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Publication Detail
Measuring Sand Dune Migration Rates with COSI-Corr and Landsat: Opportunities and Challenges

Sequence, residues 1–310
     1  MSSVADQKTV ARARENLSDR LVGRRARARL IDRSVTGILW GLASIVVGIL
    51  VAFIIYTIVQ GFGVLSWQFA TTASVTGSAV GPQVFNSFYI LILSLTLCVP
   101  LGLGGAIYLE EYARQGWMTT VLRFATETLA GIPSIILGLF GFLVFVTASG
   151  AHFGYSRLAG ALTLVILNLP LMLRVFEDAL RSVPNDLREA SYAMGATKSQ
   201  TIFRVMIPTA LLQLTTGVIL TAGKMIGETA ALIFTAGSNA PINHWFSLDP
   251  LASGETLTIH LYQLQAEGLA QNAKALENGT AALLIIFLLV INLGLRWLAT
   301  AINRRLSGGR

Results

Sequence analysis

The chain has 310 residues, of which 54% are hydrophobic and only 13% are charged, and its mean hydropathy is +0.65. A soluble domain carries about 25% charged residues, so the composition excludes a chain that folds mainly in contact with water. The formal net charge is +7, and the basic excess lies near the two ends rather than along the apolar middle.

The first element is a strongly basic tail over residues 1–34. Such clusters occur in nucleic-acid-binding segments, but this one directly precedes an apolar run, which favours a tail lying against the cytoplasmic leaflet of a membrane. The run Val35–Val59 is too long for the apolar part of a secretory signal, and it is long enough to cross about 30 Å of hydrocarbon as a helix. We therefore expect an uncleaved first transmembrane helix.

It has been over a decade since COSI-Corr, the Co-Registration of Optically Sensed Images and Correlation, was first used to produce a raster map of sand dune movement, however, no studies have yet applied it to the full Landsat archive. The orthorectified and geolocated Landsat Level-1 Precision Terrain (L1TP) products offer the opportunity to simplify the COSI-Corr pre-processing steps, allowing an automated workflow to be devised. In the Bodélé Depression, Chad, this automated workflow has calculated average dune speeds of 15.83 m/year and an increase in dune movement of 2.56 m/year ±12.58 m/year from 1987 to 2009. However, this increase does not stem from a systematic increase in dune mobility. The fastest 25% of dunes from 1987 to 1998 reduced their speed by 18.16%. The overall increase stems from the acceleration of features previously moving under 13.30 m/year. While successfully applied to the Bodélé Depression, the automated workflow produces highly variable outputs when applied to the Grand Erg Oriental, Algeria. Variations within path/row scene pairings are caused by the use of mobile features, such as dune crests, as ground control points (GCPs). This has the potential to warp Landsat scenes during the L1TP processing, potentially obfuscating dune migration. Two factors appear to be crucial in determining whether a Landsat scene is suitable for COSI-Corr analysis. Firstly, dune mobility must exceed the misregistration criteria. Secondly, GPCs should be located on static features such as bedrock outcrops.
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